To reduce the numbers coming on to the count would mean increasing the overall number of jobs in the economy But significant stimulation of employment growth would require macro-economic intervention, especially on the demand side, the scope of which, as indicated above, is highly limited at the regional level.

Thus, although the CWP will have a significant impact, in the short-run, on the number of individuals defined as long-term unemployed, it is simply not big enough to tackle the overall unemployment problem. Since Catholic males are more likely to be long-term unemployed than their Protestant counterparts, it will reduce the politically sensitive unemployment differential. In the absence of other policies, however, this is likely to be short-run.

Despite the constraints at regional level, there are policies which could be implemented to reduce long-term unemployment and generate a more equitable distribution of resources. These include:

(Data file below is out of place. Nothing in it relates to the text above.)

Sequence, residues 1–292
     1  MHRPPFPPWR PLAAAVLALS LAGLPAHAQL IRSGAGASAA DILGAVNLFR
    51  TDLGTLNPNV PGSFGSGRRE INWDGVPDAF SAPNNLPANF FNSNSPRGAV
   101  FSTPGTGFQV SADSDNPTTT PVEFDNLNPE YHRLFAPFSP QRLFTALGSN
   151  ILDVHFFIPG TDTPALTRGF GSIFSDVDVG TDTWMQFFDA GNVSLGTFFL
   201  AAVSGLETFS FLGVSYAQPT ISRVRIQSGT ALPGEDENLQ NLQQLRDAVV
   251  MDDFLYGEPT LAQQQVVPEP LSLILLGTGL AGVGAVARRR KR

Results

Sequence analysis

• increasing economic and social co-operation with the republic, given its job creation potential-but a coherent island-based strategy to reduce long-term unemployment would have to be built in, to ensure the long-term unemployed benefited;

  • equality-proofing industrial development and training policies, to ensure employment is more fairly shared by gender, religion and disability;

  • setting reducing targets for the number leaving school with no formal qualifications;

  • attaching a formal qualification to the WP;

  • encouraging firms, especially new inward investment projects, to hire a certain percentage of the workforce from the long-term unemployed, by rendering employment and training grants so conditional - local labour clauses in government contracts could be used to the same effect; and

  • while the Industrial Development Board's recent target that three-quarters of new inward investment projects should be located in, or adjacent to, areas of greatest need can potentially reduce long-term unemployment in disadvantaged areas,[18] a more precise target would be assisted employment in disadvantaged areas.

A final problem is that there is little understanding of the attitudes, behaviour and needs of the long-term unemployed or how they view special training and employment measures, such as the CWP. Moreover, there is little understanding of employers' attitudes towards hiring the long-term unemployed, following their participation in employment and training schemes.